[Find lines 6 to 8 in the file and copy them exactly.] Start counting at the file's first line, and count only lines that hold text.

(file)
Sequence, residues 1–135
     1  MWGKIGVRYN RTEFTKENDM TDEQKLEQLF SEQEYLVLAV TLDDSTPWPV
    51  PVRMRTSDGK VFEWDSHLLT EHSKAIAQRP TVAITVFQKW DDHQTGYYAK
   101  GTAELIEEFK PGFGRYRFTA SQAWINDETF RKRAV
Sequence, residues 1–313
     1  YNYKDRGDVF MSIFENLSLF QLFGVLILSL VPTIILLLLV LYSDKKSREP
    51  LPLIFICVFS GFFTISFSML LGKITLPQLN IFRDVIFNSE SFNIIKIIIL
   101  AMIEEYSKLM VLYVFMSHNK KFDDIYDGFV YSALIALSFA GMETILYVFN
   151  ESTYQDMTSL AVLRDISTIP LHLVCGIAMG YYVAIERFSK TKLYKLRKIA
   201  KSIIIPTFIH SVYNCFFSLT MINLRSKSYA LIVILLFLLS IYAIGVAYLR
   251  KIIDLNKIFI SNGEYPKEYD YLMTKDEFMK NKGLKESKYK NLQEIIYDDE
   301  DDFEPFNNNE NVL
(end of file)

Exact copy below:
     1  YNYKDRGDVF MSIFENLSLF QLFGVLILSL VPTIILLLLV LYSDKKSREP
    51  LPLIFICVFS GFFTISFSML LGKITLPQLN IFRDVIFNSE SFNIIKIIIL
   101  AMIEEYSKLM VLYVFMSHNK KFDDIYDGFV YSALIALSFA GMETILYVFN